Police Ride-Alongs, A Legal Question
November 13, 2012 11:08 AM   Subscribe

How much privilege do regular citizens on a Ride-Along have?

I think this question is better posed as a hypothetical. Most police departments, unless I'm uninformed, allow regular citizens to schedule something widely referred to as "Ride-Alongs," where they are given a short brief and then allowed to accompany a police officer on his/her shift (or a portion thereof). This scenario naturally puts the person in a position to gain intimate knowledge into the lives of others, some of whom probably live and work in the very same neighborhood. Which got me thinking...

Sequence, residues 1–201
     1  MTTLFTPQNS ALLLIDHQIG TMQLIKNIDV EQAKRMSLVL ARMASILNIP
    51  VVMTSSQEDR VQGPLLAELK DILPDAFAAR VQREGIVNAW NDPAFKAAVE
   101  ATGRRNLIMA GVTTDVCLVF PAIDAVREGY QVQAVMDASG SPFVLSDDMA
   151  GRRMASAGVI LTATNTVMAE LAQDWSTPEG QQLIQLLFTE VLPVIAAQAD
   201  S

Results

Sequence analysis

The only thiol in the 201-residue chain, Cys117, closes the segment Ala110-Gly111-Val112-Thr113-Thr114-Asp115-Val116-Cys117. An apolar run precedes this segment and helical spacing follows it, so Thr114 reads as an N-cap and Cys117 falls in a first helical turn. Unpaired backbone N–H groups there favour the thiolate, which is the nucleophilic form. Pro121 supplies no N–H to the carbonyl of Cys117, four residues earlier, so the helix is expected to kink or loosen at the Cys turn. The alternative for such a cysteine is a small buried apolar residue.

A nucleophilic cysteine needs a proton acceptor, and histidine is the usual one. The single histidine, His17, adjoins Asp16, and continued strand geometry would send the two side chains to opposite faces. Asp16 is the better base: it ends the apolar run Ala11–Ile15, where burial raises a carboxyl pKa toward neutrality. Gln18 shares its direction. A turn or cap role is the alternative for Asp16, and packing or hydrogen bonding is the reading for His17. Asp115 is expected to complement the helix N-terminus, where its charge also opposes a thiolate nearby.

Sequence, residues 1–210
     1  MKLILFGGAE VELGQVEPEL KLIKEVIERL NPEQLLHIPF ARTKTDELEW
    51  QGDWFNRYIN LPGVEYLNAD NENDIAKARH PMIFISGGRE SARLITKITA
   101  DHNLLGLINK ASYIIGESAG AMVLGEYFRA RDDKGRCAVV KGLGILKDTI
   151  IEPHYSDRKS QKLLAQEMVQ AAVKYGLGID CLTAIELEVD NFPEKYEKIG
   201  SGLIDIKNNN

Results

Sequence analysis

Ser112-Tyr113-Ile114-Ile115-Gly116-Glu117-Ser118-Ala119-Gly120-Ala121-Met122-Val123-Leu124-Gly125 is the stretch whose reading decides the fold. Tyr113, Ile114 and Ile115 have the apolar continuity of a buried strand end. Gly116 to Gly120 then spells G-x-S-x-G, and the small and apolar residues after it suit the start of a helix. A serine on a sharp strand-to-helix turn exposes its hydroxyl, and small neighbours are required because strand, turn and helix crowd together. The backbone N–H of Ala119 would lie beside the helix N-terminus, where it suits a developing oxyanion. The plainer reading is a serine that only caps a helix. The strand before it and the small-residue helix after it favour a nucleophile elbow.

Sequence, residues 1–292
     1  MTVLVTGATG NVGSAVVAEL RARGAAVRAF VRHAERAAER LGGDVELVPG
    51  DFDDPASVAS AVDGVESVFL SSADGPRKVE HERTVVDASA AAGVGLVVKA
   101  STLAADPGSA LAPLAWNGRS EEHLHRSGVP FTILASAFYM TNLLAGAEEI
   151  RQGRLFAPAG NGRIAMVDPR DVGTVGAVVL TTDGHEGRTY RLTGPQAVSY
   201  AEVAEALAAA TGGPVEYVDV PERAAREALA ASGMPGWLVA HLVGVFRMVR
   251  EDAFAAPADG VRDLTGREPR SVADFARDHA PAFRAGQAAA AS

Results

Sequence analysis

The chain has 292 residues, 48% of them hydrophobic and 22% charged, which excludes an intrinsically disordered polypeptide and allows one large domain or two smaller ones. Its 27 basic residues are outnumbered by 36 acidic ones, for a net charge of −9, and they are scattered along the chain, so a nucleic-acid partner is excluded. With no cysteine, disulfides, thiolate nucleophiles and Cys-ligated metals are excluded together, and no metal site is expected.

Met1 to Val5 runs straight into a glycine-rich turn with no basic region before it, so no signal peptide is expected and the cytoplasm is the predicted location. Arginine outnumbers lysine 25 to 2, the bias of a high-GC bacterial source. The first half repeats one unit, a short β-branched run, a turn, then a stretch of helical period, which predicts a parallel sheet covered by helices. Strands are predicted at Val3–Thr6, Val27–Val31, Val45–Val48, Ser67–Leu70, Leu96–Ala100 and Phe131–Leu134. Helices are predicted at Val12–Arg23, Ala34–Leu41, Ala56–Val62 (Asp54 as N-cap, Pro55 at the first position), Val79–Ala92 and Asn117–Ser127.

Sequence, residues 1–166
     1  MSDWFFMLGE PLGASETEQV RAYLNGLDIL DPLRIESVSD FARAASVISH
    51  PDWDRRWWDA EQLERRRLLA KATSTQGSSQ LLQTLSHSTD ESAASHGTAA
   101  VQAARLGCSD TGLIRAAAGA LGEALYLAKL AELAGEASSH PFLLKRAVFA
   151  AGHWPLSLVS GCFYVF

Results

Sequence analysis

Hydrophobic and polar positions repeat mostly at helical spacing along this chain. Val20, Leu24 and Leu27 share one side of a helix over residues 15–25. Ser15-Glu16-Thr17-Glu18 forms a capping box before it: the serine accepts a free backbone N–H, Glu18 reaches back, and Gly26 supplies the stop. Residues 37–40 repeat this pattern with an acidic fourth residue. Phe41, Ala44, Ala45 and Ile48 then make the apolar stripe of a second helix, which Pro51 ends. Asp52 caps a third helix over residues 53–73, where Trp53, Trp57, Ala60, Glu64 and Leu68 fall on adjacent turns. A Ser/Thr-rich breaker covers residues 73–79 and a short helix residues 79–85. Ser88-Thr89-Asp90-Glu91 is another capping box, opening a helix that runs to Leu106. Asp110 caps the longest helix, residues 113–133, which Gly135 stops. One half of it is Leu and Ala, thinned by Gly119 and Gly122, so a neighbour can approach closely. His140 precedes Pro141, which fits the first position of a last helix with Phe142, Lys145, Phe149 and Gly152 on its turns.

Imagine some bad people have broken into your home, assaulted & robbed you and your family and made a successful getaway. The police are there now taking a report, asking questions and so forth, and so too is some person in plain clothes who just happens to be on a Ride-Along.

Now, assuming your nosy neighbor from across the street isn't allowed to just wander into the house while the police are there, and start listening to the interview while looking around at you and your family and your private home...to what degree does this other person (who could very well be the same nosy neighbor) have the right to do the same?

I suppose what I'm interested to know is:

What would typically occur if you expressed your desire to have only the necessary personnel present for the initial investigation, citing the desire for privacy?

What are the technical limitations/rights/privileges of a citizen on a Police Ride-Along, if it has been addressed by the legal system?